Moore School alumna Halle Hughes (‘17 international business and finance, ’18 MIB) was promoted to Microsoft Western Europe in her first year with the technology company.
First hired as an intern in 2019 for Microsoft Finland, she landed her first full-time position with the company as a transformation program manager in Finland in May 2020; she was promoted to area change manager for Microsoft Western Europe in August 2020.
Hughes credits the Moore School with giving her the opportunity to live and work abroad with a multinational company. As part of the Moore School’s double-degree program, Hughes earned a second master’s degree in management and international business at Aalto University after graduating from the Moore School Master of International Business program.
Hughes said that the MIB double-degree program gave her a “really great” understanding of how to work with diverse individuals.
“There were people in my [Moore School] program from all over the world as well as people who didn't major in business for their bachelor's degree,” Hughes said. “This [understanding of diversity] was strengthened even more at Aalto University where I was working with students who had design and technical backgrounds in the international design business management program. I think the MIB [double-degree] program taught me empathy and how to constantly challenge the current view or way of working, two essential attitudes that I use in my daily work.”
Hughes added that the MIB double degree program helped her learn about herself. It taught her how she “works effectively in groups and at an individual level, which is something I have to balance at work [at Microsoft.]”
As a Microsoft area change manager, Hughes incorporates change management principles into special projects and ongoing programs provided across Western Europe. She said her team, which includes her and two colleagues, serve as “a sort of change management center of excellence”, she said.
One of her ongoing projects is coordinating a regular training platform aimed at providing business and strategic updates from subject-matter experts across Western Europe on new processes or tools that could improve efficiency, save time, help sellers to grow, among other things.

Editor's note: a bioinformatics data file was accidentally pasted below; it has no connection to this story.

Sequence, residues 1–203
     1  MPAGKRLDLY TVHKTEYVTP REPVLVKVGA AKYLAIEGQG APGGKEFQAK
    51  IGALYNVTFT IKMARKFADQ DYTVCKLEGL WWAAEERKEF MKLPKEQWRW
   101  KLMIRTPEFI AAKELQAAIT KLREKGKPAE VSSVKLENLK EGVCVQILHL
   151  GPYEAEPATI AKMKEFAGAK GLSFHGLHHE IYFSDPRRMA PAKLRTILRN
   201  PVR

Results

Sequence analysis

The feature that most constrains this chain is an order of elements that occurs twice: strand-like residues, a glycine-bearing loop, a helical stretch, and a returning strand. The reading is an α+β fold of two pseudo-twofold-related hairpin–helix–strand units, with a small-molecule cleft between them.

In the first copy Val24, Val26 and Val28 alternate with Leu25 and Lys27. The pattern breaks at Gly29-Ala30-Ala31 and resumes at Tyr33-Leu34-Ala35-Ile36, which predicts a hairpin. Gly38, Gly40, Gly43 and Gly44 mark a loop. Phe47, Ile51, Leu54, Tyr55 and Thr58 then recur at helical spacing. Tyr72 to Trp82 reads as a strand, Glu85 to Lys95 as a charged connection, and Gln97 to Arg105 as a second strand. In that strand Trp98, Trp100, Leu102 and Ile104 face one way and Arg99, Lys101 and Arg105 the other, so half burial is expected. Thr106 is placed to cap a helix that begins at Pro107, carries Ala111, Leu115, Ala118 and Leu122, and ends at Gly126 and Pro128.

“A big part of undergoing change management requires constant communication across different stakeholder groups, so this past year I've learned how to communicate effectively to leaders within Western Europe, our manager community and my own peers,” Hughes said.
As she progresses with Microsoft, Hughes said she is grateful for the Moore School’s MIB program for giving her confidence and the constant drive to better herself.
“I am especially happy with my investment in the double-degree MIB program,” she said. “I think any way in which you can immerse yourself into a different culture will allow you to step outside of your comfort zone and challenge you to grow.”
Noting the differences in the way that business is conducted in Finland and then Western Europe compared to the United States, Hughes said it has been a fun challenge to adapt to the new work cultures.
“One of the major differences I see is with work/life balance.,” Hughes said. “Holiday time is not scarce [in Finland or Western Europe.] In fact, it's highly encouraged, even within the leadership team. Finns and many other Europeans, particularly Nordics, can also be much more direct than Americans, so there's really no beating around the bush in business conversations, and meetings tend to get straight to the point.”
Having always been someone who wants to know about all her opportunities before she makes a decision, Hughes said that she hopes her future is unknown. She said that in five years all she can hope is to be “doing something that excites me and be somewhere I think I could make a difference.”
She advises current Moore School students to do the same.
“Always remain open to new opportunities and be flexible,” Hughes said. “A lot of times, things may not go your way, but with a lot of perseverance and open-mindedness, you may find yourself in a better situation than you had originally intended.”